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From: Edward Diener (eddielee_at_[hidden])
Date: 2003-10-04 16:42:31

Bronek Kozicki wrote:
> Edward Diener <eddielee_at_[hidden]> wrote:
>> The getter, setter property technique is much more general than what
>> I suggested with my query about implementing ranges and/or specific
>> At the type level, one might perhaps be able to specify the ranges
>> and/or values with some sort of typelist of non-type template
>> parameters. At the variable level, one might be able to do it in the
> I think that right solution would involve list of non-type template
> parameters, which would allow static control of ranges at type level.

I agree, but how this list would be specified and generated is the question.

> There is place for runtime range control, though:
> * as a tool which can be used in implementation of user defined
> operators (especially - + *) and conversions
> * as a specific implementation of getter/setter interface

A getter interface can just return a value. A setter interface can be
implemented by creating an assignment operator which checks the value being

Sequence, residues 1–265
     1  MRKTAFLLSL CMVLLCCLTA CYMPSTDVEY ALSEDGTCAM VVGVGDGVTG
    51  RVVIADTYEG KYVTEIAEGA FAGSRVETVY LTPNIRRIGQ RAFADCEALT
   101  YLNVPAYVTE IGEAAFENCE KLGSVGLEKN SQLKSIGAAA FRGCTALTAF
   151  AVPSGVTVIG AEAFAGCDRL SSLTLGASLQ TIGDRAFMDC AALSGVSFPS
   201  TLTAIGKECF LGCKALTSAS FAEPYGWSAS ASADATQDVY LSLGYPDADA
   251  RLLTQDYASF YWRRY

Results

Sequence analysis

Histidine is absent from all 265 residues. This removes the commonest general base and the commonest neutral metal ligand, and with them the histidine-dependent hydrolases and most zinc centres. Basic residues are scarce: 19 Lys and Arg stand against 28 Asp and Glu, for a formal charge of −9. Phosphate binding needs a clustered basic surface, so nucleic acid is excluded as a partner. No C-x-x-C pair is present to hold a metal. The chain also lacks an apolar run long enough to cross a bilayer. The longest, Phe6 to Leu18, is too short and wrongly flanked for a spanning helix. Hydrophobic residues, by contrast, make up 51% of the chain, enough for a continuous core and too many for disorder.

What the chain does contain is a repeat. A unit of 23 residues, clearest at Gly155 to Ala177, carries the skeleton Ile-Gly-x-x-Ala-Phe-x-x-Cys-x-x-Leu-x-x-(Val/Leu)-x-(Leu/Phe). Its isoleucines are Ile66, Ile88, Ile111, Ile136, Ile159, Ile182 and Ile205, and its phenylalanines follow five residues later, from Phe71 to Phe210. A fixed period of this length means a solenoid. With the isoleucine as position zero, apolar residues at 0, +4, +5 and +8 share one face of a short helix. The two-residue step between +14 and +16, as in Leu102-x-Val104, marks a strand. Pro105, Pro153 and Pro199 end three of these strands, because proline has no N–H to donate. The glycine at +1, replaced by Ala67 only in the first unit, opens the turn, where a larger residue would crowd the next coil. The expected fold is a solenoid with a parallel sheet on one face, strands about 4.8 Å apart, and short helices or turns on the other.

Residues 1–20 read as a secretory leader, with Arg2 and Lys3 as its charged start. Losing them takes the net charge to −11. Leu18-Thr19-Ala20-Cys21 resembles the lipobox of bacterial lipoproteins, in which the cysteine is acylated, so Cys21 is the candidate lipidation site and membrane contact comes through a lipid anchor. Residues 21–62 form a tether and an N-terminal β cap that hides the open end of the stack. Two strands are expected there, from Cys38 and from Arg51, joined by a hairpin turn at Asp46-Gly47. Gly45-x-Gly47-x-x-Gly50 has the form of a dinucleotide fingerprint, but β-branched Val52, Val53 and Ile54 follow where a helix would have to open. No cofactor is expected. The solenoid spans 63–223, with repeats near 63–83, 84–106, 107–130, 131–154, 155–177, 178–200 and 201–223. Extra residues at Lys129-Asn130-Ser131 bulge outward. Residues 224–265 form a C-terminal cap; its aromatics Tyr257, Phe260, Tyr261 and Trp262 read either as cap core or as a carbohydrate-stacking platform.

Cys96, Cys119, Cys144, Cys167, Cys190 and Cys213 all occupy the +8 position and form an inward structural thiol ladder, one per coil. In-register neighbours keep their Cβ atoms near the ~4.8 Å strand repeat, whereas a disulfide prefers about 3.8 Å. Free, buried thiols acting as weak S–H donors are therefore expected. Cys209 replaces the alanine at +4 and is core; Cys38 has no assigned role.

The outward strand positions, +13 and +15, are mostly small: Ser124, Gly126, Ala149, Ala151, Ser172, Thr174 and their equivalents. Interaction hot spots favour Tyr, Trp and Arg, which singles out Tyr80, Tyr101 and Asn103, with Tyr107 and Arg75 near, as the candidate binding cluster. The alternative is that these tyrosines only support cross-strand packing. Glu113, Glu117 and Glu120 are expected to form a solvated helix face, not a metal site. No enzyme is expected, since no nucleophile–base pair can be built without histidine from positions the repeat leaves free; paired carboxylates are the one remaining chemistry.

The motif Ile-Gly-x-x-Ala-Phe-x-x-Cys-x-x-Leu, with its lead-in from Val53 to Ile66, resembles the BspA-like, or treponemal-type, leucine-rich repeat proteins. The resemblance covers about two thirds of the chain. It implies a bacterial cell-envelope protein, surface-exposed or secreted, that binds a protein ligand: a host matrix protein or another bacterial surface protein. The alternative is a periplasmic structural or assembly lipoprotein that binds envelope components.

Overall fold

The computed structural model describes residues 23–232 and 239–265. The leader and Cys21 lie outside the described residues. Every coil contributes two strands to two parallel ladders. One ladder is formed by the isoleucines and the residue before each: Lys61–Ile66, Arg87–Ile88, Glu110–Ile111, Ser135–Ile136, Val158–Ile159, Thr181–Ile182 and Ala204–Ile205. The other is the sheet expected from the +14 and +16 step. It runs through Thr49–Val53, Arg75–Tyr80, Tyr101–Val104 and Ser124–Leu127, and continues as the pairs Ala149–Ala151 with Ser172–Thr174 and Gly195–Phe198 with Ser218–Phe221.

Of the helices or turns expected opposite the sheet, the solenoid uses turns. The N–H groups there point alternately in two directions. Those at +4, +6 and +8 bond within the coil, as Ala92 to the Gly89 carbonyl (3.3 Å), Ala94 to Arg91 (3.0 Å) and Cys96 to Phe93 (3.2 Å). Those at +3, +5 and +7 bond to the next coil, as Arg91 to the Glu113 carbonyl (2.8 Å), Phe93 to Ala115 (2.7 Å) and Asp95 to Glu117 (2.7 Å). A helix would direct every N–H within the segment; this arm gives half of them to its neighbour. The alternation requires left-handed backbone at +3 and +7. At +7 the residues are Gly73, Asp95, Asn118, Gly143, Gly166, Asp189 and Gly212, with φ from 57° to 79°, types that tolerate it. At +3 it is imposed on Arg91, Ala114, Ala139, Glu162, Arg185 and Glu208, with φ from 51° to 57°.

assigned against the possible ranges and values. But I don't think it is
necessary to have either one if one just does the latter, ie. implements the
assignment operator. If in the assignment operator the value is not a valid
value, one can ignore ignore the assignment completely or do something like
throw an exception or generate an assert.

As far as callbacks to the target class, if by target you mean the type of
the value, the callback member function would have to be passed to a member
function or the constructor of the template class in some way, preferably
via a boost::function.

My interest lies more in the possibility first mentioned, which is
generating a list of non-type template parameters which would adequately
specify the acceptable values for the assignment operator to check. I don't
know if this can really be done but I expect some template magic could do
it. One would also need to dsitinguish ranges from specific values and allow
for things like disontinuous ranges, or all odd values, or every value
evenly dividable by some amount etc. etc. Working out a plan to do all this
might be fun but it would be difficult programming. If one were merely to do
single range checking in this way, even that might be a challenge. But I
have a feeling that even such templated single range-checked types might be
very valuable to many programmers. The alternative of non-templated classes
and getters and setters ( or properties if you will ) surely works but it is
much more laborious to re-create each time. Surely a templated class which
one could use over a large number of types, let's say just the built-in
integer types, would be useful.

> I also think that more general getter/setter (possibly allowing
> callbacks to "target" class) would fit in this picture.

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